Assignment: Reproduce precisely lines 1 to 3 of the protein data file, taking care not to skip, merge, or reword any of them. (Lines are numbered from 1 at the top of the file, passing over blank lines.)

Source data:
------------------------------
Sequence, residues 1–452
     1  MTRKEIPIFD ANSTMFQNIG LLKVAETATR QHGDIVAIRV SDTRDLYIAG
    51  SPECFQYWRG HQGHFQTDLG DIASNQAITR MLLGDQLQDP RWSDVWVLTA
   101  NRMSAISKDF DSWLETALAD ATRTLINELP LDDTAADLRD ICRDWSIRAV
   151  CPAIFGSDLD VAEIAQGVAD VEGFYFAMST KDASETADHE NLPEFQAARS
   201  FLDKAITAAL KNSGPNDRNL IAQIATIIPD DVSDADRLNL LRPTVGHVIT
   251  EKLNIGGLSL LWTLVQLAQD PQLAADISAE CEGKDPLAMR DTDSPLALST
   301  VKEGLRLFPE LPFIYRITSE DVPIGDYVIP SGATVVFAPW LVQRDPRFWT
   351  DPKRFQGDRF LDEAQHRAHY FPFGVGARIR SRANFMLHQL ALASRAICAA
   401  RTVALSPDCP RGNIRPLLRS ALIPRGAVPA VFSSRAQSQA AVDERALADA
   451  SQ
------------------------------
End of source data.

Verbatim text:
Sequence, residues 1–452
     1  MTRKEIPIFD ANSTMFQNIG LLKVAETATR QHGDIVAIRV SDTRDLYIAG
    51  SPECFQYWRG HQGHFQTDLG DIASNQAITR MLLGDQLQDP RWSDVWVLTA